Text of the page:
• Pentacosiomedimni, the top class of citizens, who paid the highest amount of taxes, and were eligible for all top positions of government in Athens. Archōntes were chosen from this class.
A person belonged to the first class if he could produce more than five hundred measures of goods, to the second class for more than three hundred, to the third class for more than two hundred, and everybody else belonged to the last class, the thetes. Members of the first three classes could hold offices such as those of the archons and the treasurers. The last class gathered at the assembly and could act as jury in court.
Especially the latter of the reforms created a system where the power was in the hands of the people, because instead of leaving justice to be administered by the aristocracy, Solon formed a 'boule' (βουλή), who met at the 'bouleterion'. The term comes from the ancient Greek word for 'citizens': bouleutai (βουλευταί). About a hundred years after these reforms took place, in 508 BC, the árchōntes Kleisthénês (Κλεισθένης) organized the citizens of Athens into ten tribes, but in Solons time, there were only four, and every Athenian belonged to one of them. It may have been that these tribes were originally small villages which came together to form the foundation of Athens, but this is pure speculation on my part. No evidence of this--or any other theory--survives. At any rate, in Kleisthénês' time, the boule was assembled from 50 men, chosen from each of the ten tribes of Athens, for a total of 500 men. Solon founded the boule with 400 men, one hundred from each of the four tribes, but only with members from the three most wealthy of classes. This council was responsible for processing  public matters before bringing them to the assembly, or 'ekklesia'.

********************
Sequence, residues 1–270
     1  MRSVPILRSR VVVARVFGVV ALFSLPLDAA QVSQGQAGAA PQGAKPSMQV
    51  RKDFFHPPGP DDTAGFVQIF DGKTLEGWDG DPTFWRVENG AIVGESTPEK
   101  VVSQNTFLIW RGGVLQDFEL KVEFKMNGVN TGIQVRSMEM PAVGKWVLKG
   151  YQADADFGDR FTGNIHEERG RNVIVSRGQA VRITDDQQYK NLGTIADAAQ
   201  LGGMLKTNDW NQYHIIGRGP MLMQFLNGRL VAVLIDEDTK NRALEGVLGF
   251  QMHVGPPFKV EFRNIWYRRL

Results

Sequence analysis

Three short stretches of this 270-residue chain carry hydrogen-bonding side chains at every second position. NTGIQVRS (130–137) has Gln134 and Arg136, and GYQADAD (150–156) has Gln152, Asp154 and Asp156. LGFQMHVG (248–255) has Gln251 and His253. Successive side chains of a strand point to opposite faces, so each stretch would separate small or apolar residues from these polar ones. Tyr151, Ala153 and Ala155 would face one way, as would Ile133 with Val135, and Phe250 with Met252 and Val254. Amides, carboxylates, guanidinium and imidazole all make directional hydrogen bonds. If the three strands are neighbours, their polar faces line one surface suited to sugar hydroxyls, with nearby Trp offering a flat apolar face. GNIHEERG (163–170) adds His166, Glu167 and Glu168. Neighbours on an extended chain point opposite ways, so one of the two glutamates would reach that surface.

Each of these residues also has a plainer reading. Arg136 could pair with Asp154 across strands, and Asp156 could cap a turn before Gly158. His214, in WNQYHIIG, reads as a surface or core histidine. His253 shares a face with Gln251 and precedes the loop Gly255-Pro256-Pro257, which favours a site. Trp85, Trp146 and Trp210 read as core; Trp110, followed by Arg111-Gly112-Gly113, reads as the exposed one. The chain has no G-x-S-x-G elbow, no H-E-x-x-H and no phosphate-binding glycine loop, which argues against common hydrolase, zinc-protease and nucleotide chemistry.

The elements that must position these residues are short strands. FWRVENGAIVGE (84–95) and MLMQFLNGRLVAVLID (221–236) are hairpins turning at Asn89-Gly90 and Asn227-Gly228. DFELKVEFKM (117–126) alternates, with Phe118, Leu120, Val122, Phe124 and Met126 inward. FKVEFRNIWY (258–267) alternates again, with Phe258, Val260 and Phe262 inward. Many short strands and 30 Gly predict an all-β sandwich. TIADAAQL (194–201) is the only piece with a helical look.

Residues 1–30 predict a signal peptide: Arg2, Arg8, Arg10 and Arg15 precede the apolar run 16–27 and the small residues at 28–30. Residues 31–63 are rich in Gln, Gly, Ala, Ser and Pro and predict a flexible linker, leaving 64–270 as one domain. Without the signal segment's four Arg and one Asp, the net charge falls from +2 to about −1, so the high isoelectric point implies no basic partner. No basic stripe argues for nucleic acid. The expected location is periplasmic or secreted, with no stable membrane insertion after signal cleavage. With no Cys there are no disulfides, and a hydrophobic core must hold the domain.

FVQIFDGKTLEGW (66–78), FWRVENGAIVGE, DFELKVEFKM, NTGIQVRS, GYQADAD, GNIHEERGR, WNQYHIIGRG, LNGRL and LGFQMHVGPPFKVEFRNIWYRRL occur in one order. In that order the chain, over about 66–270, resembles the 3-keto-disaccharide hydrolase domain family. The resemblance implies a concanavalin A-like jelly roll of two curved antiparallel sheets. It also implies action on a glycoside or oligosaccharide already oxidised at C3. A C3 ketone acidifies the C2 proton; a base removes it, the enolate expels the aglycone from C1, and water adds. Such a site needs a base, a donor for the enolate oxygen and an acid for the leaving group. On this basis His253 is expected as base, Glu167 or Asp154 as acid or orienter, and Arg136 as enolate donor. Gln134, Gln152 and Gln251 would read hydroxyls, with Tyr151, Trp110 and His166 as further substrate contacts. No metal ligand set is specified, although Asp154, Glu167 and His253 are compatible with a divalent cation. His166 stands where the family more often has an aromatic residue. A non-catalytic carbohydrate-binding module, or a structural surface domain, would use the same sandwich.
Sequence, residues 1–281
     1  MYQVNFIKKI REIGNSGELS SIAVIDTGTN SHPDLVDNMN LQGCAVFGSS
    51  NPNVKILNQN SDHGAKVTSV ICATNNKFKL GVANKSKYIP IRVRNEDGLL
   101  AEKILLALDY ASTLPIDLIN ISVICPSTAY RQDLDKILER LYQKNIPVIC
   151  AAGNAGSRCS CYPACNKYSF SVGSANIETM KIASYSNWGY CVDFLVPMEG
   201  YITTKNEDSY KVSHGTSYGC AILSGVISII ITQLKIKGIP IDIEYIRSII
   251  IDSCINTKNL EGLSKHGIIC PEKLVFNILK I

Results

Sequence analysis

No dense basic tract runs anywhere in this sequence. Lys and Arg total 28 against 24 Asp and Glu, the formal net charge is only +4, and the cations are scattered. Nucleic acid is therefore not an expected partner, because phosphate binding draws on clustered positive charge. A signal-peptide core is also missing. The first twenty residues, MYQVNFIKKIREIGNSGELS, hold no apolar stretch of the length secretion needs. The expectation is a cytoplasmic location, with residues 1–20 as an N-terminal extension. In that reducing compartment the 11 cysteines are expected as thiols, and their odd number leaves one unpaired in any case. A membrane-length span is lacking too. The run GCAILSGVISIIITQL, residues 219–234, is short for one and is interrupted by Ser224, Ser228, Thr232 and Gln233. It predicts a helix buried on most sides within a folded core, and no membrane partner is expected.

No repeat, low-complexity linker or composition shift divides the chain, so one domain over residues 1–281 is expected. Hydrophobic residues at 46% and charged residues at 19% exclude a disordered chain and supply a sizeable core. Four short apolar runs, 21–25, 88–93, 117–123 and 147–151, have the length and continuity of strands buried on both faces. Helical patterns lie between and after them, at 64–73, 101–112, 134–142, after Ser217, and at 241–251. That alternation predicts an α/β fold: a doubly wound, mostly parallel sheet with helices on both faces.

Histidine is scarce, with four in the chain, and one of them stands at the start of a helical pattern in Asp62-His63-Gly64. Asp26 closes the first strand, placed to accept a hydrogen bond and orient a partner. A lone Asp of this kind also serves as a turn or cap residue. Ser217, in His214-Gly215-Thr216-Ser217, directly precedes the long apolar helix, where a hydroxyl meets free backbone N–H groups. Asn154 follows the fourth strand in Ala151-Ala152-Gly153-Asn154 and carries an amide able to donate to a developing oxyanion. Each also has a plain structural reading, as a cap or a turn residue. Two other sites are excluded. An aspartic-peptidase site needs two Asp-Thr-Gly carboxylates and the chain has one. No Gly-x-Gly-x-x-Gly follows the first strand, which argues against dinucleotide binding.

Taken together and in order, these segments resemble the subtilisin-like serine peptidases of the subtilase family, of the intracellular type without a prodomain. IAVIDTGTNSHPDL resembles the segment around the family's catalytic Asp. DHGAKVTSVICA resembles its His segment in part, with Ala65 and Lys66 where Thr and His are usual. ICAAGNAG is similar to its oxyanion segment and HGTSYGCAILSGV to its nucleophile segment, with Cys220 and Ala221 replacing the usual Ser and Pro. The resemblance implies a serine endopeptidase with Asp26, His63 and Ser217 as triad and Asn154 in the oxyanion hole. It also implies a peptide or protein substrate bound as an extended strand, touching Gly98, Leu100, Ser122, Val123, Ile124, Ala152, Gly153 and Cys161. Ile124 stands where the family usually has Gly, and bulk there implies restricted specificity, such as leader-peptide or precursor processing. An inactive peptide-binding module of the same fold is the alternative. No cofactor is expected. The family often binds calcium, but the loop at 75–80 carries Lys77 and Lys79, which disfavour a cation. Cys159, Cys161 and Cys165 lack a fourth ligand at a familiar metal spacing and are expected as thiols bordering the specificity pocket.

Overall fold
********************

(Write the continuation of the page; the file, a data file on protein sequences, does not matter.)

In the ancient Athens after Solon and Kleisthénês, sovereign power was held by the ekklesia, and only by the ekklesia: they were the jurors of ancient Athens. The árchōntes didn't factor into lawmaking at all. Every citizen in ancient Hellas had the right to vote on new or changing laws and was thus required to be aware of them and have an opinion on them; a direct democracy. In fact, Solon introduced a controversial law punishing those who did not take part in public decisions on crucial matters, following the view that everybody should care about public issues. This law was overturned in later times, but there were still reminders of it in Athenian life afterwards, like the miltos. In Solon's time, however, the árchōntes did still have the power to act as judge in disputes, as they--and he kings before them--had always had. However, after Solon's reforms, anyone could appeal to the jury of the ekklesia if a decision of the árchōntes was not acceptable. Furthermore, one could seek justice for other persons who could not represent themselves, something that had not been possible before. 
When I say 'everyone' it is important to distinguish that there were quite a few people who were not entitled to serve on the ekklesia; women, for example, and children, but also métoikos--resident aliens--and slaves, because in no way did Solon's reforms end slavery; his reforms only bought the freedom of indentured citizens. Very roughly measured, about a quarter of the inhabitants of ancient Athens were eligible to vote.

Solon's reforms were substantial, and took a lot of power away from the aristocracy. They gave every free man the hope that they could hold office one day, if they worked hard to reach the upper class. For those without political aspirations, Solon's reforms provided judicial safety and a sense of power: no matter who you were, if you were an adult male citizen, your opinion counted, and you could influence the course of the city's political and social landscape. Obviously, Solon's reforms did not create a democracy, but they did lay the groundwork for further reforms, and they did so wisely, and with consent from the elite--at least for his lifetime.